Yacoubian Building Essays

Alaa Al-Aswany (Egyptian Arabic: علاء الأسواني‎, IPA: [ʕæˈlæːʔ elɑsˈwɑːni]; born 26 May 1957) is an Egyptian writer, and a founding member of the political movement Kefaya.

Early life and career[edit]

Al-Aswany was born on 26 May 1957. His mother, Zainab, came from an aristocratic family; her uncle was a Pasha and Minister of Education before the Egyptian Revolution of 1952.[4] His father, Abbas Al-Aswany, was from Aswan[3] (in Lower Nubia) and was a lawyer and writer who “is remembered as being a captivating and charismatic speaker with a broad following and loyalty within a cross-section of the Egyptian revolutionary intelligentsia”. Abbas Al-Aswany wrote a regular back-page essay in the Egyptian weekly magazine Rose al-Yūsuf entitled Aswaaniyat.[5] In 1972, he was “the recipient of the state award for literature".[3] He died when Alaa was 19 years old.[4]

Aswany attended Le Lycée Français in Cairo and received a bachelor's degree in dental and oral medicine at Cairo University in 1980. He went on to pursue a master's degree in dentistry at the University of Illinois at Chicago in 1985.[6] He speaks Arabic, English, French and Spanish.[7] He studied Spanish literature in Madrid.

Al-Aswany married his first wife in his early twenties, she was a dentist, and they had their son Seif, they divorced later. When he was 37, he married Eman Taymoor and they had two daughters, Mai and Nada.

He wrote a weekly literary critique entitled "parenthetic phrase" in the Egyptian newspaper Al-Sha'ab, and then became responsible for the culture page in the same newspaper. He wrote a monthly political article in the Egyptian newspaper Al-Arabi Al-Nasseri and a weekly article in the Egyptian newspaper Al-Dustour. Then, he wrote a weekly article in the Egyptian newspaper Al-Shorouk. Currently, he writes a weekly article in Al-Masry Al-Youm on Tuesdays. His articles have been published in leading international newspapers such as The New York Times,[8]Le Monde,[8]El Pais,[9]The Guardian,[10]The Independent[8] and others.[8]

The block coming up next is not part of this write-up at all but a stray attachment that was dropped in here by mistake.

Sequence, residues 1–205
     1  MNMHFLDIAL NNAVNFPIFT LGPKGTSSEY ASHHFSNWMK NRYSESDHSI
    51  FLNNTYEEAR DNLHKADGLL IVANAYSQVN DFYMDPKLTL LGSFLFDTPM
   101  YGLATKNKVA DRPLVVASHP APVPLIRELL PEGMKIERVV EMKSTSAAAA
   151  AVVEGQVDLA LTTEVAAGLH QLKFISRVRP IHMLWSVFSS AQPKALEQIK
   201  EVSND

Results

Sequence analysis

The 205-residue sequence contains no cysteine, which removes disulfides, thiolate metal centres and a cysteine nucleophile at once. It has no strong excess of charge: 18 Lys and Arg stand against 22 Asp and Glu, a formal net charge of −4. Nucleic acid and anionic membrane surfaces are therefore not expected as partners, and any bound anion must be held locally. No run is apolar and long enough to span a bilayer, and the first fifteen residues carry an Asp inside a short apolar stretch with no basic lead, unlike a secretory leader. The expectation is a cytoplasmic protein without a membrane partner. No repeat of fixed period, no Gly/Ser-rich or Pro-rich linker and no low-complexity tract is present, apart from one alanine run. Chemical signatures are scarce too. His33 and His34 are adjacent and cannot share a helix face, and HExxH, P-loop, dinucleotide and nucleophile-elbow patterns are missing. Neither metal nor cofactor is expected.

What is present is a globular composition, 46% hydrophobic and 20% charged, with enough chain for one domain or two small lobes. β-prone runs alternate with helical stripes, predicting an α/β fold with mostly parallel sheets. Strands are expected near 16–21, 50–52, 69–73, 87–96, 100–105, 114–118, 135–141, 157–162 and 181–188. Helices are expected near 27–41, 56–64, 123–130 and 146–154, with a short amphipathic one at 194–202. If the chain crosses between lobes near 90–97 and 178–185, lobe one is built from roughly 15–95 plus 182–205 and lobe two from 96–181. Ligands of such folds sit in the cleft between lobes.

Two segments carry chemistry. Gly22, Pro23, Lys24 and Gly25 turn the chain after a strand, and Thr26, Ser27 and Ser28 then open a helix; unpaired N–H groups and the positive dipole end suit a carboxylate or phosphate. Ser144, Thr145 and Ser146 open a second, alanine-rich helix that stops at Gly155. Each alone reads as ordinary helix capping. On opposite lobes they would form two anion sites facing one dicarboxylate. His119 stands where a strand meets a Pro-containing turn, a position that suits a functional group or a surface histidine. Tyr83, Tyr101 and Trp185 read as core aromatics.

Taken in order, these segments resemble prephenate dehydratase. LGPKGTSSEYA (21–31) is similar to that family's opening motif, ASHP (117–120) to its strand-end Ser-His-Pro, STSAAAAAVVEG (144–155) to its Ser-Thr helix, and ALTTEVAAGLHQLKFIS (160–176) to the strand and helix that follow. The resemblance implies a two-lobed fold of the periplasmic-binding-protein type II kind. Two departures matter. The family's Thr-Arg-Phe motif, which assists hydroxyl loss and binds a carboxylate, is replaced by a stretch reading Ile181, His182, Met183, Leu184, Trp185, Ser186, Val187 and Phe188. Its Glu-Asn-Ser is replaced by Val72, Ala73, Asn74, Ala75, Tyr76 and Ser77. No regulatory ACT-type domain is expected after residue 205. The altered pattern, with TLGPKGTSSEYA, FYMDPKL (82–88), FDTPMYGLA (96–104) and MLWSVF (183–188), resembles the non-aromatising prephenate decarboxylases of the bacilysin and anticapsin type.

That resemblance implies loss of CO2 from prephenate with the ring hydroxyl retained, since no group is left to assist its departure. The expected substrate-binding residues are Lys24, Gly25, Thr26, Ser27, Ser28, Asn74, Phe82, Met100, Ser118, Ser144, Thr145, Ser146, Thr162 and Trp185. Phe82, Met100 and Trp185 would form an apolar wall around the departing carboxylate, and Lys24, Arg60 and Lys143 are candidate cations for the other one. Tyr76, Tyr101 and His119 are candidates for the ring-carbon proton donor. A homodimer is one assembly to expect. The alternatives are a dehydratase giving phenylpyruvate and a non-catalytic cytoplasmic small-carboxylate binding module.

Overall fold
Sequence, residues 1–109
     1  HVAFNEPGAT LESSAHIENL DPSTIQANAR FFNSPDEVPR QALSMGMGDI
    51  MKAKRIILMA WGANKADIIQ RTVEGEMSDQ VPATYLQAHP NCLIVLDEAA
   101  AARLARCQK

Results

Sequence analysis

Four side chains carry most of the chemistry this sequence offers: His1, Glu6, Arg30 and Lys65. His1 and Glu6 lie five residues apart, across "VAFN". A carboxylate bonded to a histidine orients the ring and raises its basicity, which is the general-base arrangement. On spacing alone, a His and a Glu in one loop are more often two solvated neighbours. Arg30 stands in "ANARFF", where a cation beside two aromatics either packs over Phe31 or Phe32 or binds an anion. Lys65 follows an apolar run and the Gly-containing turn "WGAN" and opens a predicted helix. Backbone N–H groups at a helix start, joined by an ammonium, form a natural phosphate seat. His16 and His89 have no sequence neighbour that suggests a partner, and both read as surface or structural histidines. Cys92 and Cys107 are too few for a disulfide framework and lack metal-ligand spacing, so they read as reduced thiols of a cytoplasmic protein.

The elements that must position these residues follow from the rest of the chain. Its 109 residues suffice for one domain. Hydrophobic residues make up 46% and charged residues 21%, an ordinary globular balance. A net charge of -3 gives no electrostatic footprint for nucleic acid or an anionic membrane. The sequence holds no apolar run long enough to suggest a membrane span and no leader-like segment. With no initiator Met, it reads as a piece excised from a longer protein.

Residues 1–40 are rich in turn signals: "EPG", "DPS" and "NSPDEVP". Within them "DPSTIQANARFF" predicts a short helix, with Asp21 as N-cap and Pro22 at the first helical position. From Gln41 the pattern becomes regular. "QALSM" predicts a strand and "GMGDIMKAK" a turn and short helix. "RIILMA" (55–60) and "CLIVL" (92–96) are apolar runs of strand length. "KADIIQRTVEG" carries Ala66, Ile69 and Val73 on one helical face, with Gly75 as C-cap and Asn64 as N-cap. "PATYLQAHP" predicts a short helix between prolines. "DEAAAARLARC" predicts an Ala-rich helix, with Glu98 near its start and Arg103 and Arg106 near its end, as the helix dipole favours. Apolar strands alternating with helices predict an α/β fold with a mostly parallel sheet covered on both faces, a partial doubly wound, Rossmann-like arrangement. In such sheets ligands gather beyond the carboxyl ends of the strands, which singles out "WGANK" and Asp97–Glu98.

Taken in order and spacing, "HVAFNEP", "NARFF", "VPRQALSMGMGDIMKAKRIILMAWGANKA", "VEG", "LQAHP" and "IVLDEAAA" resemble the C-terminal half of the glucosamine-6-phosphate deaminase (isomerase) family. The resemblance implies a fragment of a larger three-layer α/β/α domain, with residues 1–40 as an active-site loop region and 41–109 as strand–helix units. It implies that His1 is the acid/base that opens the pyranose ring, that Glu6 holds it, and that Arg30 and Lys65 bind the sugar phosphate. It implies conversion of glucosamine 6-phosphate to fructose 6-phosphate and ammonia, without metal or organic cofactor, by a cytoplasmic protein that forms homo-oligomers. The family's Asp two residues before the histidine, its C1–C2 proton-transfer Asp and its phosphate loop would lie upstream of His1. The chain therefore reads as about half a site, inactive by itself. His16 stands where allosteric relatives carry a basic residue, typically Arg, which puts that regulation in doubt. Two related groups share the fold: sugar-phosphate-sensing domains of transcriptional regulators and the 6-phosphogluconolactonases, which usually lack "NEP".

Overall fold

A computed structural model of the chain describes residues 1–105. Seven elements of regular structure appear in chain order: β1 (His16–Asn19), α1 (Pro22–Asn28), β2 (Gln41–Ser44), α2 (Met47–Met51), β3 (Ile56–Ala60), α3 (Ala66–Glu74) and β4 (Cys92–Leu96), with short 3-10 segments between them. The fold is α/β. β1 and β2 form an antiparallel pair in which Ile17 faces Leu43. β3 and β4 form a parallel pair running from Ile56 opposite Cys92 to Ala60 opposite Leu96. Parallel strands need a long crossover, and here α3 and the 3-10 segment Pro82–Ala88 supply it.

His second novel, The Yacoubian Building, an ironic depiction of modern Egyptian society, has been widely read in Egypt and throughout the Middle East. His literary works have been translated into 31 languages:[11] English, Greek, Bulgarian, Catalan, Chinese, Chinese Simplified, Dutch, Turkish, Malay, Danish, Norwegian, Finnish, Armenian, Croatian, Bosnian, Serbian, Polish, Portuguese, Icelandic, French, Slovenian, Galician, Spanish, Estonian, Italian, Romanian, Russian, Korean, Swedish, German and Slovak. In 2006, The Yacoubian Building was adapted into “the biggest budget movie ever produced in Egypt”.[12] The movie was screened at international film festivals and was a huge hit in Egypt. However, Al-Aswany was banned from attending the premiere.[3]The Yacoubian Building is one of a few movies that addresses social taboos and widespread governmental corruption, such as the rigging of elections. In fact, many intellectuals believe that this work played a crucial role in triggering revolutionary sentiments among the Egyptian people. Alaa Al-Aswany claims that during the Egyptian Revolution of 2011, many protesters approached him and said “We are here because of what you wrote".[13] In 2007, The Yacoubian Building was made into a television series of the same name.

Chicago, a novel set in the city in which the author was educated, was published in January 2007 and his Automobile Club of Egypt was published in English in 2016.

Al-Aswany’s name has also been included in the list of the 500 Most Influential Muslims in the World,[14] issued by the Royal Islamic Strategic Studies Center in Amman, Jordan. He was number one in The Foreign Policy Top 100 Global Thinkers list 2011.[15]

Al-Aswany participated in the Blue Metropolis literary festival in Montreal, June 2008 and April 2010, and was featured in interviews with the CBC programme Writers and Company.